- Stimulates a return on global learning
- Creates brand frameworks to guide actions
- Encourages regional and local creativity within the brand frameworks
- Builds internal pride and accountability in all brand functions worldwide
It provides structure and processes and also allocates responsibilities, so the central global and regional teams know what each has to do and is accountable for. Each box has a series of procedures with corresponding, essential tools that must be followed.
Here is a brief précis of this new model:
Box #1: Create The Brand’s Common Global Ambition, Its Vision Of Perfection
A brand’s global ambition crosses geography. Global brand leadership has the ultimate responsibility for this step with the input of the regions. The responsibilities are shared 80% global and 20% local/regional.
Box #2: Define The Global Plan To Win
The Plan to Win is built by defining the priorities for each of the 8 P’s: Brand Ambition (Purpose, Promise), Action Priorities (People, Product, Place, Price, Promotion), Measurable Milestones (Performance). The responsibilities for developing the Plan to Win are shared 50/50 between global and local/regional teams. This cross-functional team requires complete collaboration and trust.
Box #2 sorts out the priorities and provides direction for successful collaboration. This team also defines the brand framework. This brand framework specifies the non-negotiable boundaries that guide all action on behalf of the brand.
Box #3: Bring The Brand To Life
This must be the responsibility of the local/regional teams. It is the local responsibility to create regional/local plans because all results are local. The regional/local teams must creatively implement the ‘Plan to Win’ in creative, locally relevant ways. It is important to note that all local/regional creativity must be within the brand framework and in sync with its brand ambition from Box #1. We call this approach Freedom Within the Framework.
In Box #3, responsibility is 80% regional/local and 20% global.
The new Collaborative Three-Box Model means that marketers must abandon the idea of “Think Globally. Act Locally.” Local marketers must “think locally” not just “act locally.” Local marketing is not just about implementing the ideas from the remote, central big thinkers.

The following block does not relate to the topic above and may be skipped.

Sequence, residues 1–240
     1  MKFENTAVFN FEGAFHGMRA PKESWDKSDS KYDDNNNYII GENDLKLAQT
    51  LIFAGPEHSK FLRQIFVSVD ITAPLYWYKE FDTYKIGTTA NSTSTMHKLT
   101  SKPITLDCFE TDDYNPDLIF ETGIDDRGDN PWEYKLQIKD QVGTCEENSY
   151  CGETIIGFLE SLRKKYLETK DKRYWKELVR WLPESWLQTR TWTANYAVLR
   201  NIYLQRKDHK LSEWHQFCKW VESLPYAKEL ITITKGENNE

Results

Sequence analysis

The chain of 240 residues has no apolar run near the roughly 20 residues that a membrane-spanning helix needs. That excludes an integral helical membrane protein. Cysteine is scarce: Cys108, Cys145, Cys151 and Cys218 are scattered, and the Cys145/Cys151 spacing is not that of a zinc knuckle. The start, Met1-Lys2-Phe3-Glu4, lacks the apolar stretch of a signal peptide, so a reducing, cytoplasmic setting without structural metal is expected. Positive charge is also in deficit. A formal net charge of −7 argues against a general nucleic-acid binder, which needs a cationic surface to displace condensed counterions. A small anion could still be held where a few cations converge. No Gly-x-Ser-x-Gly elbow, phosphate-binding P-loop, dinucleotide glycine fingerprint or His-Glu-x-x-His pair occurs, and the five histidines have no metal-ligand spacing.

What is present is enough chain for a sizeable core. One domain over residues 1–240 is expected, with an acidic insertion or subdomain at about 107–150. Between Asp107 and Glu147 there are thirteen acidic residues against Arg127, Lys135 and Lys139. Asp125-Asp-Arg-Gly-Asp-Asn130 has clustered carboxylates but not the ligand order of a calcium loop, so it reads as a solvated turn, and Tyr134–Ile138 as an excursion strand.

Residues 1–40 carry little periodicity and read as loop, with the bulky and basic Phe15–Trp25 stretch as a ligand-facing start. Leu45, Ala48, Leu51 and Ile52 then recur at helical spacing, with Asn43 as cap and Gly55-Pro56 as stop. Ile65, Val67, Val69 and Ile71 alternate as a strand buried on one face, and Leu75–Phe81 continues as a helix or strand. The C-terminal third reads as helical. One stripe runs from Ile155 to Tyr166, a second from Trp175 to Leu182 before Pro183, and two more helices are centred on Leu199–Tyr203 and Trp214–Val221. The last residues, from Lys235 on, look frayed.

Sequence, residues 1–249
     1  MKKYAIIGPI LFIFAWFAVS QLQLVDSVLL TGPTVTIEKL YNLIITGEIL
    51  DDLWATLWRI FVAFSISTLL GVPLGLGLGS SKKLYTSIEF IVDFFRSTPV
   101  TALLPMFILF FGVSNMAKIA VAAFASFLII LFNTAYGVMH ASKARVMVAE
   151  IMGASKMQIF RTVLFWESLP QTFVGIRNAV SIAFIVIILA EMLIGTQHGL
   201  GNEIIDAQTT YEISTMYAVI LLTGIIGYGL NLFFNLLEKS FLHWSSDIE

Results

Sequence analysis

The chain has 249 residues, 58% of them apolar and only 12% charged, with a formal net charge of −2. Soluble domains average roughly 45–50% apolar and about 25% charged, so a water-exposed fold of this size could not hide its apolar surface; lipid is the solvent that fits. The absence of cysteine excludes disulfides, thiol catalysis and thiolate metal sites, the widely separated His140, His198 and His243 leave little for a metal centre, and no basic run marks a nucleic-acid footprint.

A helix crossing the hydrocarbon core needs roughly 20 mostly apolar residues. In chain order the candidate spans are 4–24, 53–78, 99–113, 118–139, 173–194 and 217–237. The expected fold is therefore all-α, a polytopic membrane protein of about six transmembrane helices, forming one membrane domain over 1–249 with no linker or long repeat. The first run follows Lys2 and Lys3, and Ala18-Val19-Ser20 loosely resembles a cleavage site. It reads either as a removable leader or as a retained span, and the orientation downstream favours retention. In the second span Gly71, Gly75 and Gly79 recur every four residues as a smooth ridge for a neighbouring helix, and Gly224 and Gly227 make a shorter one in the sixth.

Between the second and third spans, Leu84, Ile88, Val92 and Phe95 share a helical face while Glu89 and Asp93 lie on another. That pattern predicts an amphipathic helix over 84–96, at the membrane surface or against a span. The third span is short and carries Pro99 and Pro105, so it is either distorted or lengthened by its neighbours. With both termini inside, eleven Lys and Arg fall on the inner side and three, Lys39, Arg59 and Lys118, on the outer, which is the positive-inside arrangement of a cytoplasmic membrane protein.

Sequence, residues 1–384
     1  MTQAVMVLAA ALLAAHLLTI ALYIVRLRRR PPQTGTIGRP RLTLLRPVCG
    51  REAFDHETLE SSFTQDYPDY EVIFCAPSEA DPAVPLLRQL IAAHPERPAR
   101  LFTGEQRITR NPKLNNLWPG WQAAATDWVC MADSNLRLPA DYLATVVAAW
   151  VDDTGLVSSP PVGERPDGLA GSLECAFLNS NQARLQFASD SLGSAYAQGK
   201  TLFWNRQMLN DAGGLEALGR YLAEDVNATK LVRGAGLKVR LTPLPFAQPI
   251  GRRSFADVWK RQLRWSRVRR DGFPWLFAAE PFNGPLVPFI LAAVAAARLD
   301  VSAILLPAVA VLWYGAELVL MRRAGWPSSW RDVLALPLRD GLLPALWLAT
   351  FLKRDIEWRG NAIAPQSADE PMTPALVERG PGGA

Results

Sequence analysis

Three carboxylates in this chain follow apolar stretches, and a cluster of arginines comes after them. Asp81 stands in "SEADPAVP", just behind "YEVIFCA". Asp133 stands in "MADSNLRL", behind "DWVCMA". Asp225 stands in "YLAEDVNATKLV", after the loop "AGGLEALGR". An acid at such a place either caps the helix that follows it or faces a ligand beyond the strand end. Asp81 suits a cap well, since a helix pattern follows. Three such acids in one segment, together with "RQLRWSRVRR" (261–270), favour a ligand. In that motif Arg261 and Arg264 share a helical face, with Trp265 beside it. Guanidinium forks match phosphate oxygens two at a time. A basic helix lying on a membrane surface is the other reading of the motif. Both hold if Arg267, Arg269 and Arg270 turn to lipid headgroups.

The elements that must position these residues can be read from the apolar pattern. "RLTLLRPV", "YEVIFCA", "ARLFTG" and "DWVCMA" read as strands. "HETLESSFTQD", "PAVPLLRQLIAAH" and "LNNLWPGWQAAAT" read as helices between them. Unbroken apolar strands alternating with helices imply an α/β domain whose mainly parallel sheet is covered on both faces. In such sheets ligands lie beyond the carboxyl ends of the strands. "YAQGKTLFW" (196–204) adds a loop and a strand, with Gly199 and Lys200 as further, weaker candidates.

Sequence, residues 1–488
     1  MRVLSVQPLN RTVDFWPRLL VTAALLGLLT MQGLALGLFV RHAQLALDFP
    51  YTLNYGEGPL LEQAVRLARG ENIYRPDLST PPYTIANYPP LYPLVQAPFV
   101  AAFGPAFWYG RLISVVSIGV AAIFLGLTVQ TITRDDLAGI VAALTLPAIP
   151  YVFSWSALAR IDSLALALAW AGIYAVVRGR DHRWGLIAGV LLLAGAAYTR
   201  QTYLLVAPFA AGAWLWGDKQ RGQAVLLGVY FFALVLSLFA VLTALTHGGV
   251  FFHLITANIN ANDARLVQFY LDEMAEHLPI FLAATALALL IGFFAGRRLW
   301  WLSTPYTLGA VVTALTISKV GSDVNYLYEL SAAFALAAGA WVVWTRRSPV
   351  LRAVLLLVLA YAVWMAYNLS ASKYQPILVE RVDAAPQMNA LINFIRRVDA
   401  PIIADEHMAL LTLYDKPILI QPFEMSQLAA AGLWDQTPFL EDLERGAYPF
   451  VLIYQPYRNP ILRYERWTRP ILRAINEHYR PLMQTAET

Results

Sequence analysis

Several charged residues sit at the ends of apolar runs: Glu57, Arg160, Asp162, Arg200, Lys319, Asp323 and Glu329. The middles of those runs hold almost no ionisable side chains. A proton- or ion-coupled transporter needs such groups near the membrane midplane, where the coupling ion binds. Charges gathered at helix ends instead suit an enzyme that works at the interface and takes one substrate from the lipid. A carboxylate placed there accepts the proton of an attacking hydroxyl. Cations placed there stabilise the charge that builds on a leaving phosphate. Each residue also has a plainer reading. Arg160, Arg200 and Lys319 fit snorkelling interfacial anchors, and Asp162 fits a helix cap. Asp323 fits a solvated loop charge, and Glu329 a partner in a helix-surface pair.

Using cross-functional, cross-geographic teams, The Collaborative Three-Box Model reorganizes relationships between global and regional teams. It optimizes and restructures their roles and responsibilities. By properly assigning accountability, this new model celebrates the fact that regional teams know the local customer best.
Regional/local needs must be catered to while keeping the integrity of the brand intact. Reading lists may be different by country, but the Amazon brand retains its brand essence even when delivering regional and personal relevance. There is no question that in a world where there are three colliding forces of increasing globalization, localization, and personalization, organizations must build global brands that are both locally relevant and respect personally differentiation if they want to experience high-quality revenue growth.
The Collaborative Three-Box Model is more than a mere process. And it is more than marketing communications. It is the best way to run a global business. It is a business culture. How you run your brand is how you run your business. When there is a conflict between culture and strategy, culture always wins.
The Three-Box Model is how we will work together better, worldwide. It is the best approach for managing the tensions that arise from global and local decision rights, clarifying the role of the center, relative to the role of the regions. It is the best approach for managing at the intersection of globalization, localization, and personalization.